Gapay, the Philippine military chief, disputed the comments by the Pentagon’s inspector general.
“[I] would say his remarks are not true. In fact, it’s to the contrary. We have gained a lot as far as our anti-terrorism campaign is concern,” Gapay said.
Gapay made the comments days after a senior Abu Sayyaf militant commander, Abduljihad “Indang” Susukan – who was wanted in connection with 23 cases of murder in the kidnappings of foreign hostages by the militant group –was taken into custody by Philippine authorities after he voluntarily surrendered on Aug. 13.
Galpay spoke to BenarNews on the sidelines of a ceremony at Camp Basilio Navarro in Zamboanga, where Lt. Gen. Cirilito Sobejana was leaving his duties as the WestMinCom commander to take a new post as head of the Philippine Army.
“Substantial gains” had been made against IS since the military pushed the group’s fighters out of Marawi in October 2017, Sobejana told BenarNews.
Intelligence work had led to the slaying of key Abu Sayyaf and IS fighters, so much so that “the communication between the foreign and the local terrorist groups was cut off,” he said.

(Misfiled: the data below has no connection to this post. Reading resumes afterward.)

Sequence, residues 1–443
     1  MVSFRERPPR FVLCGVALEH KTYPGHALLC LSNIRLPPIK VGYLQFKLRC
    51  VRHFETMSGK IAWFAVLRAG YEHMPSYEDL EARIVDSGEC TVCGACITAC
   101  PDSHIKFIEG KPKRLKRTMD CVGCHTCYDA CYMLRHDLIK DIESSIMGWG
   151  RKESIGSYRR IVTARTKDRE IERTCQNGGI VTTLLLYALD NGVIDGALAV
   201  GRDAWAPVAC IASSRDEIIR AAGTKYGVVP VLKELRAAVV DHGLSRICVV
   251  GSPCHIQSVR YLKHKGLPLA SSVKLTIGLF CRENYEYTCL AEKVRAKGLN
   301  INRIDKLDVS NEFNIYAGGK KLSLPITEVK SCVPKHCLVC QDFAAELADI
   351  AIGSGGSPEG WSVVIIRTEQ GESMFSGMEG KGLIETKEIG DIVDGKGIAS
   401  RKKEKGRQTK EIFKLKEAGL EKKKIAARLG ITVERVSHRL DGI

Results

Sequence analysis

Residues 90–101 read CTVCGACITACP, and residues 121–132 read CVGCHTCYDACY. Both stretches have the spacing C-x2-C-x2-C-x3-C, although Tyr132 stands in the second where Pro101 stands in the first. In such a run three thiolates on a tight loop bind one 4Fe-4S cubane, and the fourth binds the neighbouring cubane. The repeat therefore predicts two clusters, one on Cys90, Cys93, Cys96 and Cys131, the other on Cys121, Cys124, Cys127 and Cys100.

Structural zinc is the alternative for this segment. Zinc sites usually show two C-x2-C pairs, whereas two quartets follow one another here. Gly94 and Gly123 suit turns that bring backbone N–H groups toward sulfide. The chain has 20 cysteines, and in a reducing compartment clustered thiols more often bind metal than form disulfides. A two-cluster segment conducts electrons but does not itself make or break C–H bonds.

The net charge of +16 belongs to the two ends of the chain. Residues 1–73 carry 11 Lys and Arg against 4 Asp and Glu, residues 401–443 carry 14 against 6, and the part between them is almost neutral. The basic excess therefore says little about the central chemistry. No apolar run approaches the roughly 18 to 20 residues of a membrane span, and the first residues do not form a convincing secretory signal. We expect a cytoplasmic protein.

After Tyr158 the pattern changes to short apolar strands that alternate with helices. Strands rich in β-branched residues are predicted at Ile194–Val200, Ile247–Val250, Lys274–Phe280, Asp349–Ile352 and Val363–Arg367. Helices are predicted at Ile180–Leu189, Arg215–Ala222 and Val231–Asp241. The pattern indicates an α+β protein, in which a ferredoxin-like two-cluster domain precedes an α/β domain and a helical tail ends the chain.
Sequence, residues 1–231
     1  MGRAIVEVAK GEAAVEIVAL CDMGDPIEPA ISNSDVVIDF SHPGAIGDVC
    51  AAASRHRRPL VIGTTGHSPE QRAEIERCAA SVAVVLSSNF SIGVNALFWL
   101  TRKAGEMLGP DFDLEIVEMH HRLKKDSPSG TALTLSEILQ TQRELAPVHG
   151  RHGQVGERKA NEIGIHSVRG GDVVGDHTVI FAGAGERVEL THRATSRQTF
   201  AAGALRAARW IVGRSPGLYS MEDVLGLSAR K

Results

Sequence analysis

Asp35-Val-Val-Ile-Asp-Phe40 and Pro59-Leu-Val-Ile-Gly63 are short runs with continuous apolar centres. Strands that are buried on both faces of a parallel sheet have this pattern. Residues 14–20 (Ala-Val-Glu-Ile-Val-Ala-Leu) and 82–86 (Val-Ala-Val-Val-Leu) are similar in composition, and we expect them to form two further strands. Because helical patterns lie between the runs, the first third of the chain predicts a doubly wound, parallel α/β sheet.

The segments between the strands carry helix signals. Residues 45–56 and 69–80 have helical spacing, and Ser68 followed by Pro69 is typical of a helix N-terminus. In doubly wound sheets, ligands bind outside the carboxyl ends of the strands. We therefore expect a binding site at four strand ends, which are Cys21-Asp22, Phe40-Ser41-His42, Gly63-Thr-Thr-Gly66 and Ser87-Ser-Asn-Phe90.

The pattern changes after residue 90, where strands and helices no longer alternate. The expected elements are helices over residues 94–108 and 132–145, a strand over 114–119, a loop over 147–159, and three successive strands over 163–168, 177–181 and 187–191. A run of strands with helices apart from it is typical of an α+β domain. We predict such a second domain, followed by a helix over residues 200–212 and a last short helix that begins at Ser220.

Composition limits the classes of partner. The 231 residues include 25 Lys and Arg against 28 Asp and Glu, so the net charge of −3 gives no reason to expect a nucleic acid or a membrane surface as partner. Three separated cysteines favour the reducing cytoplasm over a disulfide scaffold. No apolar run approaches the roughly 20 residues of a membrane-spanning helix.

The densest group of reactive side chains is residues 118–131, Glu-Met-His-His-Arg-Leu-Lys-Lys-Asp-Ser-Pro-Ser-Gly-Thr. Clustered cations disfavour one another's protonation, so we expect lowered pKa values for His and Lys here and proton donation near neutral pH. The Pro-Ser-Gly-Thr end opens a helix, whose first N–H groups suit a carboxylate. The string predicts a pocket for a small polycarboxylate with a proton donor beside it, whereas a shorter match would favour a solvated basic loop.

The report from the Pentagon also touched on this point, saying that “operational ties between the core ISIS group in Iraq and Syria … and ISIS in the Philippines have been significantly weakened.
When asked to respond Tuesday to the criticism from the Philippine military, Dwrena Allen, a spokeswoman for the Pentagon, replied: “We stand behind our report.”
Analyst: comprehensive approach needed
Meanwhile Rommel Banlaoi, a counter-terrorism expert at the Philippine Institute for Peace, Violence and Terrorism Research, agreed with the U.S. assessment. Militants in the south, led by the Abu Sayyaf Group, were capable of carrying out terror plots, he said.
“The ASG has the intention and strong capability to mount violent attacks, especially suicide terrorism,” Banlaoi said.
“Dealing with IS needs a more comprehensive approach that empowers the most affected communities against terrorism,” he said, adding that the Philippines needed ongoing American support to defeat threat from Islamic militancy in the south.
Jeoffrey Maitem and Mark Navales contributed to this report from Cotabato City, Philippines.